Tackling Fake Traffic from Artificial Engagement
18 Feb 2021
The increase in technology has empowered marketers to perform much more targeted activity and in-depth analysis than ever before.
However, artificial engagement is increasingly becoming the elephant in the room when planning digital media spend and reporting on its impact. Brands are at real risk of having their reputations damaged by being associated with - or even accidentally funding - the organised crime that is digital ad fraud.
In an ever-changing industry, it is our responsibility to identify any risks or opportunities through direction and guidance, and we believe we should now start to address the issue. It may never be practical or possible to reduce non-human, or bot traffic on digital media campaigns to zero, but by taking sensible steps to protect our digital marketing budgets we can all have an impact in reducing fraudulent activity.
Determined to try to understand the scale, and explore how marketers can future proof against it, whilst also protecting themselves and their customers, the DMA North Council have spent the past 18 months trying to tackle the question of; How do we get the benefits from the good automated activity and mitigate against the bad?
Online budgets on digital advertising that attract non-human activity are predicted to exceed £250 billion by 2020; with >21tn ads paid for, but never seen by humans, annually and digital marketing campaigns being subject to fraud rates of >50%.
With Google and Facebook forecast to generate £186.4bn and £56.7bn respectively in 2020 (71% of the UK online market -£16bn), a non-human click percentage of 50% represents a huge lost budget. The market size tempts fraudulent organisations into creating technologies to make money from advertisers, fuelling a growing problem within the digital advertising industry.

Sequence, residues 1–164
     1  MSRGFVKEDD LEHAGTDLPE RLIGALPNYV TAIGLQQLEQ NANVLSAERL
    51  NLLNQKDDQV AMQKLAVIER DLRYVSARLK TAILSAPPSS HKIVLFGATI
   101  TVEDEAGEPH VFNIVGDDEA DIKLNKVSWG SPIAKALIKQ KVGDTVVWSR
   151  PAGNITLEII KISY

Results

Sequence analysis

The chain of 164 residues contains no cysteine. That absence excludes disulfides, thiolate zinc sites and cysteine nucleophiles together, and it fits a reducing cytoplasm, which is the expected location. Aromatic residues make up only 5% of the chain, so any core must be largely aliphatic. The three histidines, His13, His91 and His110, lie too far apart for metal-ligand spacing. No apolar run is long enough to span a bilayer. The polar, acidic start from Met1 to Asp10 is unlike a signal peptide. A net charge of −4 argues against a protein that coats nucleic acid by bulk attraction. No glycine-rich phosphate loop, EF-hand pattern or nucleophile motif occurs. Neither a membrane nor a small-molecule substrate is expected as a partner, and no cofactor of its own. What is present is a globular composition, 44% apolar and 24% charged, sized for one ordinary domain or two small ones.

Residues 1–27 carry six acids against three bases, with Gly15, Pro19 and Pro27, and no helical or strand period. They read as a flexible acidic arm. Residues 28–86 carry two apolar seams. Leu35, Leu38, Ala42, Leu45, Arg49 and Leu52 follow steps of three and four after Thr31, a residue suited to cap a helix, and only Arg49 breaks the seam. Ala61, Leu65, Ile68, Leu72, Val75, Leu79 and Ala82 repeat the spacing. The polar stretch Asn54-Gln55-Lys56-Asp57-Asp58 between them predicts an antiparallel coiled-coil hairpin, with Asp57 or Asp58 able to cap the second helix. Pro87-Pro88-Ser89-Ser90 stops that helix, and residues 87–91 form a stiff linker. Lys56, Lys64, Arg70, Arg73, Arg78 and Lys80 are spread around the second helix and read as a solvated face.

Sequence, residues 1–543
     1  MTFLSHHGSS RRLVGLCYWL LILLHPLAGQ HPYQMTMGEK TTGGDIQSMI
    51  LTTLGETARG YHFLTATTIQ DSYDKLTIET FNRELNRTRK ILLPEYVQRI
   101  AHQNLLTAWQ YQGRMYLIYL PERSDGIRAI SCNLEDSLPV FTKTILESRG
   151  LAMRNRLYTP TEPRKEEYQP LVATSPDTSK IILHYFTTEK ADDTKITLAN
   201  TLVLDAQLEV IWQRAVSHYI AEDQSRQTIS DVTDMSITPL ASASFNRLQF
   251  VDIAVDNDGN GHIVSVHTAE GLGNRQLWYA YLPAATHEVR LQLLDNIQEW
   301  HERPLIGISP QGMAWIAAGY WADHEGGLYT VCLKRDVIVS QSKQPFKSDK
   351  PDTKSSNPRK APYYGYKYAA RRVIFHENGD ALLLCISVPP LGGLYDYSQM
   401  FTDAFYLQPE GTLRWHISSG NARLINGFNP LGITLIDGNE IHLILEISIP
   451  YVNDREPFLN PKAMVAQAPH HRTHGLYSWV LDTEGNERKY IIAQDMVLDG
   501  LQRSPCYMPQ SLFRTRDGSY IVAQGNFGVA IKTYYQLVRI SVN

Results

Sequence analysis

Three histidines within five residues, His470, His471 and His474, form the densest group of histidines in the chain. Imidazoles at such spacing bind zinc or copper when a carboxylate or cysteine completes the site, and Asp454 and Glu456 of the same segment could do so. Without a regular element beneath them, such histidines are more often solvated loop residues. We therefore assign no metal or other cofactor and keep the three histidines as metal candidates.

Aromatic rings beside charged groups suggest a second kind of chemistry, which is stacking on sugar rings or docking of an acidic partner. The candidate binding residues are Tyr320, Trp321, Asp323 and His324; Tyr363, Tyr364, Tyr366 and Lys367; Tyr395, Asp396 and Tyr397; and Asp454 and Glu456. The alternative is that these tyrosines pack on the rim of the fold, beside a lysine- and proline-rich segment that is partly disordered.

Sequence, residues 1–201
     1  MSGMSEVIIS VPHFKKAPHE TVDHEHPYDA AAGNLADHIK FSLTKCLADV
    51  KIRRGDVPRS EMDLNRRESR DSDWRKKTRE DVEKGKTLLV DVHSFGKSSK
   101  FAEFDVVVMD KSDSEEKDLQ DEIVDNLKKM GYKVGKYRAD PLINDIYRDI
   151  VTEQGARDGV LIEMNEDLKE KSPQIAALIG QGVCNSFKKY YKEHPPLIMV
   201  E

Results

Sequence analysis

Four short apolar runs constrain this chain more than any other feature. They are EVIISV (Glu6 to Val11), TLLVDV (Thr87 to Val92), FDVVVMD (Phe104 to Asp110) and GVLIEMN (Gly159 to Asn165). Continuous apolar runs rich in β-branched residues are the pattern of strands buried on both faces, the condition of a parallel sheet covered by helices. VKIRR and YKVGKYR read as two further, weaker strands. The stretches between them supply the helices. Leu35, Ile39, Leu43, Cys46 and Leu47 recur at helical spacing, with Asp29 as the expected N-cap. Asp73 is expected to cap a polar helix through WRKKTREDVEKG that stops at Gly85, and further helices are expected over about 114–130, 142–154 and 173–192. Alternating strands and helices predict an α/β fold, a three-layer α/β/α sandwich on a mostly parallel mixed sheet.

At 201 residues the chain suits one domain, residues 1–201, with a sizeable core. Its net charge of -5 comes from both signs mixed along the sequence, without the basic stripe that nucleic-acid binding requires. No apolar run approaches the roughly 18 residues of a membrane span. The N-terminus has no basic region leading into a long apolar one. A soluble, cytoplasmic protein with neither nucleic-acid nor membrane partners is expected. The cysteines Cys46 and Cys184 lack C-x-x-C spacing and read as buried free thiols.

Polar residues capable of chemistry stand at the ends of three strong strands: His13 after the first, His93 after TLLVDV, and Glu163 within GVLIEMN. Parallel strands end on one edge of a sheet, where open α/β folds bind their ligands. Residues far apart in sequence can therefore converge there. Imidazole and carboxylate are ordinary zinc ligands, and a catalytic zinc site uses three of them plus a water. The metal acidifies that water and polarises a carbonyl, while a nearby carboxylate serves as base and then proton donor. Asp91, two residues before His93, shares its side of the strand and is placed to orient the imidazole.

Many digital transactions are not carried out by humans, but by automated software tools (“bots”) masquerading as humans for a variety of reasons; some legitimate and some not-so. Non-human digital activity leads to a global issue around online advertising fraud; for marketers, it continues to have a huge negative impact on planning, undertaking, and reporting of accurate digital activity.
As reported in Search Engine Watch in February 2019 “$7.2 billion was lost to click fraud between 2016 and 2018”. Cybersecurity company Cheq are quoted in The Drum in June 2019 as saying that “the direct cost [of click fraud] to advertisers to hit $26bn in 2020, $29bn in 2021, and $32bn in 2022” noting that “This burden lands disproportionately on the shoulders of small firms that don’t have as much money as established brands to avoid ad fraud”. A round-up blog post by DMA North Council member, Stewart Boutcher, in March 2020, notes that “A study by Forrester found 69% of brands spending $1 million per month reported that at least 20% of their budgets were being lost to digital ad fraud.”
However, all is not lost, technology solutions are available to help reduce this negative impact, identify areas where it is most prevalent and also mitigate any loss in digital marketing spend.
Any organisation carrying out digital marketing in any form should be aware of the impact and potential mitigation against artificial engagement. If you are carrying out any paid media activity, such as the following activity, you should be especially aware:
- PPC (ads on Google, Bing)
- Social media promoted posts
- Programmatic advertising
- Other paid-for media, such as display banner ads
- Influencer marketing
How does it all work?
You are a business looking to improve your website traffic. The easiest way to do that is to place ads on the ad network for your business. The online ads advertise your business and allow click-throughs directly to your website. So, you pay for both the adverts seen and the clicks through to your site.
So, now you are paying for traffic from the ad network and getting lots more visitors. But what if we said that 30% of this traffic that you have paid for aren’t real users. This means that ⅓ of your ad spend budget is being wasted.
The question you are hopefully asking yourself is why would anybody bother creating a bot to follow an ad to my website? As one single bot, it makes no sense. But imagine if there were a thousand bots all accessing different websites. Put the actions of all these bots together and it could start to look like a real human being surfing the web.